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Why Destroy Your Information

Safe. Secure. Solutions.™

Documents are only as safe as the weakest link in their lifecycle.

To protect privacy, any standards for the appropriate collection and management of information must include requirements for proper destruction and disposal of this same information. The reality is that identity theft and information-based crimes are among the fastest growing - and they are growing because of improper destruction and disposal practices. Dumpsters and garbage receptacles are recognized as a primary source for personal and corporate information theft. Failure to adequately address the destruction and disposal of information contributes to the growth in these activities and jeopardizes protection of privacy for consumers and businesses alike.

Information safeguards are a vital issue to the senior management of all organizations.

In a study, top executives from 300 companies ranked the security of company records as one of the top five significant issues facing business. When asked which issues required immediate attention and policy development, the security of company records ranked second only to employee health screening.

Every organization has information that calls for secure destruction.

All organizations with employees and/or customers have occasion to discard private information. Customer lists, price lists, sales statistics, drafts of proposals, correspondence and even memos, contain information about activities which may interest competitors or other unauthorized parties. Every organization is also entrusted with information that must be kept private. Employees and customers have the legal right to have this information protected. Without the proper safeguards, information may end up in a dumpster or receptacle where it is readily, and legally, available to anybody. Trash is considered by business espionage professionals as the single most available source of competitive and private information from the average business. Any establishment that discards private and proprietary data without the benefit of modern destruction methods exposes itself to the risk of prosecution, as well as costly loss of business and reputation.

Stored records should be destroyed on a regular schedule.

The length of time records are stored should be determined by a retention schedule that takes into consideration their useful value and the governing legal requirements. No record should be kept longer than this retention period. By not adhering to a program of routinely destroying stored records, an organization exhibits suspicious disposal practices that could be negatively construed in the event of litigation or audit. From a risk management perspective, the only acceptable method of discarding stored records is to destroy them by a method that ensures that the information is obliterated. Documenting the exact date that a record is destroyed is a prudent and recommended precaution.

Incidental business records discarded on an every day basis should be protected.

Without a program to manage it, the daily trash of every organization contains information that could be harmful to individuals and businesses. This information is especially useful to competitors because it contains the details of current activities. Discarded daily records include phone messages, memos, forms, drafts of bids, invoices and correspondence. All organizations suffer potential exposure due to the need to discard these incidental business records. To effectively minimize this exposure, make sure such information is securely collected and destroyed.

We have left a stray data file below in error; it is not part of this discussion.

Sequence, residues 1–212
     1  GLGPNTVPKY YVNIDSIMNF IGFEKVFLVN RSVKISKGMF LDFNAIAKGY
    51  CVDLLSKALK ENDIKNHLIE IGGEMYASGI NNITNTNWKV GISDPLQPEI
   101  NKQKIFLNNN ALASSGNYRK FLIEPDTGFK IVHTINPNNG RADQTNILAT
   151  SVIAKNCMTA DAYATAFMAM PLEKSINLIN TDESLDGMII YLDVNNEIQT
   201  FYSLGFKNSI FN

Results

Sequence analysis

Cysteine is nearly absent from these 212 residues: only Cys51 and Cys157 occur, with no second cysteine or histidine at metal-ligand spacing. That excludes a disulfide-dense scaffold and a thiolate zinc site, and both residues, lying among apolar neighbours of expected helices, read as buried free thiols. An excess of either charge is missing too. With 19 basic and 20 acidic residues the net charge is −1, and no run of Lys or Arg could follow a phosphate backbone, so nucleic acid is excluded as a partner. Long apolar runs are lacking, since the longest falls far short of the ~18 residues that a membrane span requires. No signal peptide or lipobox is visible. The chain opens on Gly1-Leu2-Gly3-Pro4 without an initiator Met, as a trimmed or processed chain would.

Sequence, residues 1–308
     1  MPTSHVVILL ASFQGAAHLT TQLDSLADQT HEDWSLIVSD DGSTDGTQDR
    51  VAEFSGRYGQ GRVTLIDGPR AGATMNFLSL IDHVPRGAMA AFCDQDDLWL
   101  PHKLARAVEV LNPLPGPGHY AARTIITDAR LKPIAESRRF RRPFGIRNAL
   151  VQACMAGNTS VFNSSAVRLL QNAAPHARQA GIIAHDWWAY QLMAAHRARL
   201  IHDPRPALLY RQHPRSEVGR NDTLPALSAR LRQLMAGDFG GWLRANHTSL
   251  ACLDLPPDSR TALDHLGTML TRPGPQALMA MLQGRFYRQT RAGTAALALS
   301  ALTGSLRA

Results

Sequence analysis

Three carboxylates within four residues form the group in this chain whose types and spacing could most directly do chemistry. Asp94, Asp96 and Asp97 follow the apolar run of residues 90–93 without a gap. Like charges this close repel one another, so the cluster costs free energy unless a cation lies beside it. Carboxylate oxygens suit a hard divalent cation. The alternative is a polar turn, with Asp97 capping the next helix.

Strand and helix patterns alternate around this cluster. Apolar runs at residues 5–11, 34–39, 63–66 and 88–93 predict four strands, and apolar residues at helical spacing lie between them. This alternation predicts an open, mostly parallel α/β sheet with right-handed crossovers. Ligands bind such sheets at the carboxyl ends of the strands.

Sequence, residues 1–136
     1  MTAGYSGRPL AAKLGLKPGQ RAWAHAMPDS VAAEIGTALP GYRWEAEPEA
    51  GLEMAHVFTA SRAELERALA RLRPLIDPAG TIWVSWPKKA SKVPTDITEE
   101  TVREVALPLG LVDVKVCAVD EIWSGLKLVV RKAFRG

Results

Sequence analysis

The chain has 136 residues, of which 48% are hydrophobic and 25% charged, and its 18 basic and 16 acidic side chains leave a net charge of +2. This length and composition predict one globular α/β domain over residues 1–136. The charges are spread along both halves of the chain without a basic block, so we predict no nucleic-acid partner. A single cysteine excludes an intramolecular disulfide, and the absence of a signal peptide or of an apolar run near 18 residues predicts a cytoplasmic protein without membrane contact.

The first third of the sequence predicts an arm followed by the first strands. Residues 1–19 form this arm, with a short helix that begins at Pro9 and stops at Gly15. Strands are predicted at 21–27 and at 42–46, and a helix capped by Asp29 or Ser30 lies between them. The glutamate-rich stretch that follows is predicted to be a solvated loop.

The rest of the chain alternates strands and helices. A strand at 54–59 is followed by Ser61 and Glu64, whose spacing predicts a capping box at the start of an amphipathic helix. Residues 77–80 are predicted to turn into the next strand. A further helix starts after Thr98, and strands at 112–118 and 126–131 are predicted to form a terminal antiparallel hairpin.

Recycling is not an adequate option for information destruction.

To extract the scrap value from office paper, recycling companies normally sort the paper under unsecured conditions. The 'acceptable' paper is stored for indefinite periods of time until there is enough of a particular type to sell. The sorted paper, still intact, is then baled and sold, where it may be stored again for weeks or even months until it is finally used to make new products. There is no fiduciary responsibility inherent in the recycling scenario. Paper is given away or sold and, by doing so, an organization gives up the right say in how it is handled. There is, also, no practical means of establishing the exact date that a record is destroyed. In the event of an audit or litigation, this could be a legal necessity. Furthermore, if something of a private nature should surface, the selection of this unsecured process could be interpreted as negligent. For all these reasons, the choice of recycling as a means of information destruction is undesirable from a risk management perspective. If environmental responsibility is a concern, materials may be recycled after they are destroyed or a firm can contract a service that will destroy the materials under secure conditions before recycling them.

Internal personnel should not be in charge of destroying certain information.

Good judgment dictates that certain information and materials including payroll, labor relations, legal affairs and health information, by way of illustration, should not be entrusted to employees for destruction. But, beyond that, competitively sensitive information is best protected as well. Unfortunately, it has been established that employees are among the most likely to realize the value of certain information to competitors. And, some employees may have incentive to capitalize on their access to it. The only acceptable alternatives are to have the materials destroyed under the supervision of upper management or by a carefully selected, high security service.

Organizations should be as careful in the destruction of documents and records as they are in protecting them on their premises.

Lincoln Archives, Inc.
The Lincoln Family of Businesses Since 1914
Safe. Secure. Solutions. ™